What are Fringe Benefits?
Fringe benefits are a form of employee compensation beyond salary.
These benefits can take many forms, including cash earmarked for a specific purpose (reimbursement for expenses), non-cash assets with monetary value (insurance), or other perks (an employee parking spot).
Fringe benefits are intended to indirectly compensate employees in order to encourage their loyalty and improve job satisfaction.
A good package of benefits can make one job more appealing than another even if the salaries are similar.
Fringe benefits vary widely from company to company, but some are more typical.
The most common and generally most important benefits relate to employer-sponsored health care.
In the United States, most employers will sponsor and often subsidize a health insurance plan for full-time employees.
Employer-sponsored health care can be really valuable, worth thousands of dollars per employee; many people even take a lower salary to have access to a better health insurance plan.
Other common and important benefits include life/accident insurance and retirement plans. These plans provide financial security for employees when they retire or if they become injured.
Many companies sponsor 401(k) retirement plans that allow employees to save for retirement tax-efficiently.
Some companies also provide life insurance that can benefit the family of an employee in case of an accident.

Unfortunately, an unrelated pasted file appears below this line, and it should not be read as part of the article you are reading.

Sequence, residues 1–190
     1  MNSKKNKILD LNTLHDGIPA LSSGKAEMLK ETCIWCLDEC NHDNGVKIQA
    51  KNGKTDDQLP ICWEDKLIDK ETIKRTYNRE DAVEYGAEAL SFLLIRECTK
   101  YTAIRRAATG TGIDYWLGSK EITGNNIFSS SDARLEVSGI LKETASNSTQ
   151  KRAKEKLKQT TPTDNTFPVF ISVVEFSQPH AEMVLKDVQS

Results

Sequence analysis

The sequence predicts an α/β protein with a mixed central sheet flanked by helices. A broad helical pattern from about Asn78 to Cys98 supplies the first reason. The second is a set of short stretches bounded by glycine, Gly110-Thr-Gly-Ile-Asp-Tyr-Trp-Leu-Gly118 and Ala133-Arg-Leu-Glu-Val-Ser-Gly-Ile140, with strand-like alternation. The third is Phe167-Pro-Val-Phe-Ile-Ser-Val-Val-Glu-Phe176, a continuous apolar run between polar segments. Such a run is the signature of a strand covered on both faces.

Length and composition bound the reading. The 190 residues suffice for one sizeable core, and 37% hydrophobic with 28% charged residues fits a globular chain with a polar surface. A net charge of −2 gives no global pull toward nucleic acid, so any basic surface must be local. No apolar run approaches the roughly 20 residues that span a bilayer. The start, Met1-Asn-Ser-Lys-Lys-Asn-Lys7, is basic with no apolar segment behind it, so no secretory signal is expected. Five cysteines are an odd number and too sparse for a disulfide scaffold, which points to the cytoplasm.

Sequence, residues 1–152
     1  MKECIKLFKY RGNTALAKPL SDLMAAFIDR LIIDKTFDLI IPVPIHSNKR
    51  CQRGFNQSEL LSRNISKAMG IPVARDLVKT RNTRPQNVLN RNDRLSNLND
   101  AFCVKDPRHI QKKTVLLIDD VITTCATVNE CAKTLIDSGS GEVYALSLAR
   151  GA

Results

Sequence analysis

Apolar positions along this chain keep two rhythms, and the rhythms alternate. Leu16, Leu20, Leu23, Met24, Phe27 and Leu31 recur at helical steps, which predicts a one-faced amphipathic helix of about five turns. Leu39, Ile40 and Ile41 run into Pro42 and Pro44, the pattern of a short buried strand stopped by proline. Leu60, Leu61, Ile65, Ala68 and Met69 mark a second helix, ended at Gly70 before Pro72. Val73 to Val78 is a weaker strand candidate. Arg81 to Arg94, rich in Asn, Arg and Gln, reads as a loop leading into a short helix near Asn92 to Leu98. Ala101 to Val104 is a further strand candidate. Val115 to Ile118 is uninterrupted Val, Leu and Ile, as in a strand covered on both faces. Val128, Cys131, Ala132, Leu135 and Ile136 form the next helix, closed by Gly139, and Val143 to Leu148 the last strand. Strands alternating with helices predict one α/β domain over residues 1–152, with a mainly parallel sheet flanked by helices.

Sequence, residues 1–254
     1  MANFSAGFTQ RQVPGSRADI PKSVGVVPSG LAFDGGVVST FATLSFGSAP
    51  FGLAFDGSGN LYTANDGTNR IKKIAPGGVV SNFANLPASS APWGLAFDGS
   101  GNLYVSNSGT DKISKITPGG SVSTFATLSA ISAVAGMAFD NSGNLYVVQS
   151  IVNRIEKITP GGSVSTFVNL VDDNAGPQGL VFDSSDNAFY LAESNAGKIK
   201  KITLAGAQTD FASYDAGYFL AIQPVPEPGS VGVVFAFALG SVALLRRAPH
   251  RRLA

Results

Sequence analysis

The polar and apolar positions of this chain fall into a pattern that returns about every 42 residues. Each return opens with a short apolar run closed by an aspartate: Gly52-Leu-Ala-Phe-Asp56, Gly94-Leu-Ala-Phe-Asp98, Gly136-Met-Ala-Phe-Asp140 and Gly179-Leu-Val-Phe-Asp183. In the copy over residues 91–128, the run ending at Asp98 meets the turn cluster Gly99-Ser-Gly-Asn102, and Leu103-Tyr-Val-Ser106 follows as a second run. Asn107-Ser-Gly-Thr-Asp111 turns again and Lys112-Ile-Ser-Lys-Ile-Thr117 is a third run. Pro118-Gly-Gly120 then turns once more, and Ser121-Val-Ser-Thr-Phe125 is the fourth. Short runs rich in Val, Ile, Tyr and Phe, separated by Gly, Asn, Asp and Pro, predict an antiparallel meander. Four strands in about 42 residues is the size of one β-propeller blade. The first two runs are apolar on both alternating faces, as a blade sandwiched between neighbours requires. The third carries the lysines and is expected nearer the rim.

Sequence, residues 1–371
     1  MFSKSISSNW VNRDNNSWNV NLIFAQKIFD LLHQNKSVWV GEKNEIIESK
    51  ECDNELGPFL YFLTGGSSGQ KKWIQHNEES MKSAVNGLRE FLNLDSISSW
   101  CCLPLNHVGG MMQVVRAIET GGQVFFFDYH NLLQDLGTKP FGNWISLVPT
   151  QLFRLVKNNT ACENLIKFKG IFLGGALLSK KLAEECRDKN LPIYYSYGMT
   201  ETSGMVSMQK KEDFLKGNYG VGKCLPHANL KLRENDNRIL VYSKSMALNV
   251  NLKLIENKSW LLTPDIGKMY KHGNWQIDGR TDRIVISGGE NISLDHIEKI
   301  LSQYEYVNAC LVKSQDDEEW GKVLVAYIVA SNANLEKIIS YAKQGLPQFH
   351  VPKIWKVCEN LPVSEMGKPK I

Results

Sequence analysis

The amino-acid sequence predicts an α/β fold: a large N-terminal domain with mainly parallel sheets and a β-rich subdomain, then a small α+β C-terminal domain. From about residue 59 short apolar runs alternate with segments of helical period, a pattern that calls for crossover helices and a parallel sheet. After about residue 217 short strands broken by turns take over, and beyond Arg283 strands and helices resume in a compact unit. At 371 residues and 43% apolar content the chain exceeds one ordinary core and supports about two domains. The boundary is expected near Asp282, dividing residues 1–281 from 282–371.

Fringe benefits can vary widely for employees within the same organization. For example, corporate executives often have access to a company car for daily use.
Lately, the trend is for companies to offer more benefits to improve job satisfaction. Many businesses now allow employees to work from home sometimes, or even to bring their dog to work.
Large technology companies have become famous for their willingness to pay for extravagant corporate offices with free meals and on-site activities.
Taxable vs. Nontaxable Fringe Benefits
For tax purposes, the IRS maintains that fringe benefits are a form of compensation and must be taxed.
However, the IRS provides a list of fringe benefits excluded from taxation. Common fringe benefits excluded from income taxes include health benefits, corporate meals (on-premises), retirement plans, business phones, some commuter benefit programs, and tuition reimbursement.
There are some nuances to the tax rules. For example, if an employee is given a business phone and uses it for personal use 60 percent of the time, then 60 percent of the benefit is taxable and the remaining 40 percent is tax-exempt.
Fringe benefits that are taxed should be valued and treated as income.